Have ‘Orders of Protection’ become useless? - The Times of Wayne County - Waynetimes.com Have ‘Orders of Protection’ become useless? - The Times of Wayne County - Waynetimes.com
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Have ‘Orders of Protection’ become useless?

by WayneTimes.com
August 29, 2021

Perhaps you are involved in a domestic situation, a break-up, or divorce is on the horizon, or perhaps the family member, significant other person, needs time to reflect on his or her actions.

Following an arrest, the arraigning judge, either through a request by the victim, or by the nature of the offense, can issue a Court Order of Protection. The judge may also issue the order as    temporary, or permanent after the case is settled.

Ideally, an Order of Protection—commonly referred to as a restraining order—would keep a batterer/abuser from contacting, threatening or harming the protected party. Unfortunately, offenders don’t always abide by the terms of protective orders.

It is, however, estimated that close to 50% of defendants violate the conditions of the court orders in one way, or another.

Court Orders of Protection, range from ‘Refrain From Conduct’, or a complete ‘Stay Away’ where the defendant must:

• ‘Refrain’ from communication or any other contact by mail, telephone, e-mail, voice-mail or other electronic or any other means with the protected party, or parties. In other words, a complete STAY AWAY order.

Another ‘Refrain’ from Order of Protection bars the defendant:  

• Refrain from assault, stalking, harassment, aggravated harassment, menacing, reckless endangerment, strangulation, criminal obstruction of breathing or circulation, disorderly conduct, criminal mischief, sexual abuse, sexual misconduct, forcible touching, intimidation, threats or any criminal offense or interference with the victim or victims of, or designated witnesses to, the alleged offense and such members of the family or household of such victim(s) or witness(es)

• Refrain from intentionally injuring or killing without justification the following companion animal(s) (pet(s)) [specify type(s) and, if available, names of the individuals.

In simplified terms, the defendant may still live with/see the victim(s) but cannot continue the conduct that resulted in the arrest.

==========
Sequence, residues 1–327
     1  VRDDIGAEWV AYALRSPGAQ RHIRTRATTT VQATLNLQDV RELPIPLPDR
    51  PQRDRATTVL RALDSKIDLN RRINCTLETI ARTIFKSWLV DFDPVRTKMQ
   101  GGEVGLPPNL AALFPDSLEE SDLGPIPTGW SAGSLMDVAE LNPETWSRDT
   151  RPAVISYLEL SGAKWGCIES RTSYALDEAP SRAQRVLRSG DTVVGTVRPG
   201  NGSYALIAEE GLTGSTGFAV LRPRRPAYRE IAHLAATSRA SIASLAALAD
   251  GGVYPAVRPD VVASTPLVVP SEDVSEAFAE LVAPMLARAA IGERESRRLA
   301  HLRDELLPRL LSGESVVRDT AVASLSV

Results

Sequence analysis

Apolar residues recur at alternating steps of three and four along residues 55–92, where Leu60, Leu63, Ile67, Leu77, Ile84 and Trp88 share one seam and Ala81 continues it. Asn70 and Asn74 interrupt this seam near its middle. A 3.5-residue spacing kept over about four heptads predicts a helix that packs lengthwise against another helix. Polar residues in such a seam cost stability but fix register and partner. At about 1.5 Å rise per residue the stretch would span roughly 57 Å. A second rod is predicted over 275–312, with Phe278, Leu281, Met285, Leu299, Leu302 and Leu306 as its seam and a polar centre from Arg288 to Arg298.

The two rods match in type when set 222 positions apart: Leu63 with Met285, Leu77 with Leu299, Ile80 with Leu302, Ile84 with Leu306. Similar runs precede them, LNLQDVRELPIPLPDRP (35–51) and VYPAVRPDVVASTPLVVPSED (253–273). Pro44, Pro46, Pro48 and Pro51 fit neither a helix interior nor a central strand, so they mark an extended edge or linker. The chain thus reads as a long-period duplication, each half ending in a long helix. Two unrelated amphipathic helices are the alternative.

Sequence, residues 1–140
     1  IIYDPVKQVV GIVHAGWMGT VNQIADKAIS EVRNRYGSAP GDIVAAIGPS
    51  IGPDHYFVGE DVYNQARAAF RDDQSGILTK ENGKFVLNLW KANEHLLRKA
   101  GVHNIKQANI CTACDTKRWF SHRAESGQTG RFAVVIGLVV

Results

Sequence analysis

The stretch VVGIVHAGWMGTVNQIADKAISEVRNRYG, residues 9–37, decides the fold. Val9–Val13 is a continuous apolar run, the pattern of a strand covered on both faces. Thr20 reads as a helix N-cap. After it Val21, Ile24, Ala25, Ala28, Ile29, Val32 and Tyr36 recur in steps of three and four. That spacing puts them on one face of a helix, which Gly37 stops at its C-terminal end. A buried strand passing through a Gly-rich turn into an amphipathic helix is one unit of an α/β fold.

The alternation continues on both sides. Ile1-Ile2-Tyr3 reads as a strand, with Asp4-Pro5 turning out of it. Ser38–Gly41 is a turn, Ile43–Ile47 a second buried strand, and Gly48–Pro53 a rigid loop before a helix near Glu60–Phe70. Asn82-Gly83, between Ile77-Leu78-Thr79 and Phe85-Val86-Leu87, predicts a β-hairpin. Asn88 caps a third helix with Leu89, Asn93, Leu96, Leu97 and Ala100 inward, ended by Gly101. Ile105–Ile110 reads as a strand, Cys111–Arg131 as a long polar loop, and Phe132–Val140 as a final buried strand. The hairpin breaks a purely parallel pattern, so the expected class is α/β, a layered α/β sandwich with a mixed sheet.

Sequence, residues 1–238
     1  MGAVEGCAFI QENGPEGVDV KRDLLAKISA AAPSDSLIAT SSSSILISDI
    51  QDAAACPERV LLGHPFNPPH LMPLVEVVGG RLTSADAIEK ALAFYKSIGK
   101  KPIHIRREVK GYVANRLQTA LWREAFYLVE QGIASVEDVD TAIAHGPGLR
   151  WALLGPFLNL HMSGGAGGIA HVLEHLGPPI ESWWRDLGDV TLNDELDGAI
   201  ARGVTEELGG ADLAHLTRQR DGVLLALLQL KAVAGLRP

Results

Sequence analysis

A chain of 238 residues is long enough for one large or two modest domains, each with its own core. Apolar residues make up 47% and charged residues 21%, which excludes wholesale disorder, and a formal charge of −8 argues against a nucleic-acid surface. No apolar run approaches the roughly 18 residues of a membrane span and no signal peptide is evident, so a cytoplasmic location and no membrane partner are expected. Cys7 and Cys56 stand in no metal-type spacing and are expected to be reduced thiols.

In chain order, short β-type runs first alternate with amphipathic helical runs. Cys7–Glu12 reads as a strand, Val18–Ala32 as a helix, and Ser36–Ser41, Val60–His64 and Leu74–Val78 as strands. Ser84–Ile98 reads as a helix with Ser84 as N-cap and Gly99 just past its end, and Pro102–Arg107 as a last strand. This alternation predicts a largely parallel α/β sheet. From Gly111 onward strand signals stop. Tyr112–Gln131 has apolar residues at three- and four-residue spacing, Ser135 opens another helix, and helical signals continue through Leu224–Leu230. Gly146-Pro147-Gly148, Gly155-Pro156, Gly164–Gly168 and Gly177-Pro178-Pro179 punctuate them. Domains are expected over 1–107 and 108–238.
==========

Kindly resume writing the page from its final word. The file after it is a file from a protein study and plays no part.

Either version of the Court Order may result in the judge requiring:

• Surrender any and all handguns, pistols, revolvers, rifles, shotguns and other firearms owned or possessed and not obtaining any further guns or other firearms. 

In most domestic arrests the Judge will evoke either a full stay away, or ‘refrain’ from conduct.

All too often police and courts see a continued level of conduct in domestic situations. Either the victim, or defendant feels the relationship is more important  to the court order, or a period of time has passed and ‘all is well’, but the court and police do not make exceptions.

Police may make an arrest for Violation of a Court Order of Protection, if the domestic abuse continues, or if the defendant is caught in the presence of the victim.

Then comes the penalty phase of a domestic violation. The form signed by the victim at the time of the issuance of a Order of Protection outlines:

‘Notice: your failure to obey this order may subject you to mandatory arrest and criminal prosecution, which may result in your incarceration for up to seven years for contempt of court. If this is a temporary order of protection and you fail to appear in court when you are required to do so, this order may be extended in your absence and then continues in effect until a new date set by the court.’

The defendant is guilty of Misdemeanor Criminal Contempt in the Second Degree, when he/she violates the conditions outlined in the Order of Protection. This could lead to a fine and or jail sentencing.